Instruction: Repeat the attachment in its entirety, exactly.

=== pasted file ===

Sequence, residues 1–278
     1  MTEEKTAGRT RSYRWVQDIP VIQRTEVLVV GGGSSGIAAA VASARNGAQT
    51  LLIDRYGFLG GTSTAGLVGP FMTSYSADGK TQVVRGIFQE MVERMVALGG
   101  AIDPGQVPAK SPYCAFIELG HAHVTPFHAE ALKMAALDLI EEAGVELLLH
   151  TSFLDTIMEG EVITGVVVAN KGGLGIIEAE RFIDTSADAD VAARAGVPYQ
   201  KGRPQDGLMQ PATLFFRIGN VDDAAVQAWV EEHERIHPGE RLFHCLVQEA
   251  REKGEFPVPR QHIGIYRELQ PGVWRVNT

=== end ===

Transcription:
Sequence, residues 1–278
     1  MTEEKTAGRT RSYRWVQDIP VIQRTEVLVV GGGSSGIAAA VASARNGAQT
    51  LLIDRYGFLG GTSTAGLVGP FMTSYSADGK TQVVRGIFQE MVERMVALGG
   101  AIDPGQVPAK SPYCAFIELG HAHVTPFHAE ALKMAALDLI EEAGVELLLH
   151  TSFLDTIMEG EVITGVVVAN KGGLGIIEAE RFIDTSADAD VAARAGVPYQ
   201  KGRPQDGLMQ PATLFFRIGN VDDAAVQAWV EEHERIHPGE RLFHCLVQEA
   251  REKGEFPVPR QHIGIYRELQ PGVWRVNT